She dons the required khaki pants, red polo shirt, and black visor, and fashions her hair into a long braid. She kisses her boyfriend goodbye and I try to escape her body at that moment, but it is useless. I feel her lips against his and the shiver of excitement that runs down her body as it presses close to his. This is torture to me; cruel and unusual punishment to have to suffer through being in this situation again.

She slides into my old car and turns on the radio to a station that is long gone. Loud rock music fills the car and I have to laugh in spite of myself. This music is far different to what I listen to now, but she likes it and thumps her hand against the steering wheel as we drive down the dusty gravel road from the house down to the highway. I traveled these roads a million times and I find some comfort in driving by familiar landscapes and houses.

She pulls into the parking lot, enters the building and is greeted by a coworker who I forgot about; a middle aged woman with short salt-and-pepper hair.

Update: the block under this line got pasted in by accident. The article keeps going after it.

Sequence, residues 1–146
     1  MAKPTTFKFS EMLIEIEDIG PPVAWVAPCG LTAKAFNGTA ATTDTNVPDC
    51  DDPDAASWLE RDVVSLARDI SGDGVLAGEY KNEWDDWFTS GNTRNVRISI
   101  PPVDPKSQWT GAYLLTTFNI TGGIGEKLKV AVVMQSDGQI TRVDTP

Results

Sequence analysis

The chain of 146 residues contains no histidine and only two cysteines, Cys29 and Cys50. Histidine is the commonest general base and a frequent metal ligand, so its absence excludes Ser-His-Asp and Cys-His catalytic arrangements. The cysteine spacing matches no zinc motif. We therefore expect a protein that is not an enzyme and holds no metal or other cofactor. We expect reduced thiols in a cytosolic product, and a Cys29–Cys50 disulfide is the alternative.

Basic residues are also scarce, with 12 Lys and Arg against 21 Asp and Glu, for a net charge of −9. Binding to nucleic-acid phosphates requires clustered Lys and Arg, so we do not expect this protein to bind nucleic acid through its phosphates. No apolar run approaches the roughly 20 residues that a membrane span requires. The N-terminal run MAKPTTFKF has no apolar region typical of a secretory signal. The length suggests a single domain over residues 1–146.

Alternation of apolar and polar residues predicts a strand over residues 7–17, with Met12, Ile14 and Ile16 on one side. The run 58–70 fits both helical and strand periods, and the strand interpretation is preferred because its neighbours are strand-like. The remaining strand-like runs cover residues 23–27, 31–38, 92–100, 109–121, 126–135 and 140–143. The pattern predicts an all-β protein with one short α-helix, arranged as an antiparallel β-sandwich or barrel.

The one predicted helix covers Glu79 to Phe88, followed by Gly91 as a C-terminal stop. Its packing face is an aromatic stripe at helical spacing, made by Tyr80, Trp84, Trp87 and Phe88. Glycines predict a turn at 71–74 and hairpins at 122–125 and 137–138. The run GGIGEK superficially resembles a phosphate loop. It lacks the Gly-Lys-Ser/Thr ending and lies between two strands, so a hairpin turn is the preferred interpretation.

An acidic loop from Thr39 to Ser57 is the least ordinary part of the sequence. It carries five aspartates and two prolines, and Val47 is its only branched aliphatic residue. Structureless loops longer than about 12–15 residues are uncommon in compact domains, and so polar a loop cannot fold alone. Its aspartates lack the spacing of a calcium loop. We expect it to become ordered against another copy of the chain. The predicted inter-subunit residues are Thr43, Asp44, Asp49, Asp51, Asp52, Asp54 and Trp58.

“Welcome to Casey’s!” she says automatically and then realizes it’s us and she chuckles. “Sorry, force of habit. Hi, Erin. Ready for another exciting day?”

“You know it! Let’s do this!” she replies with fake enthusiasm. She enters the kitchen and prepares for her shift, turning on the massive ovens, fryers, and heated food display cases. The routine is odd, but strangely comforting. I had liked this job and find myself enjoying getting our hands heavy with bits of pizza dough, the front of our apron dirty with flour and pizza sauce, and chopping vegetables.

The night passes quickly and I’m sad it’s over. She drives home, the same song from nine hours before playing again. She arrives to a darkened house, and she kicks off her shoes, undresses, and crawls into bed and she pulls the pillow Jason slept on close to her body and hugs it, breathing in his scent. We let a tear escape down our cheek and fall asleep thinking of him.

The sun on my face wakes me up in the morning and I’m afraid to open my eyes, thinking I’ll be stuck in my thirteen years ago self again. I open my right eye first, then the left, and feel a wave of relief. I scan the room and everything is as it should be. No poster on the door, no graduation tassel hanging from the lamp, no boyfriend next to me.

I get out of bed and walk down the hallway to my kitchen. I open the fridge and take out the box of leftover pizza, grabbing a piece. I bite into the cold slice.

I’m back where I belong.   


published 22 March 2014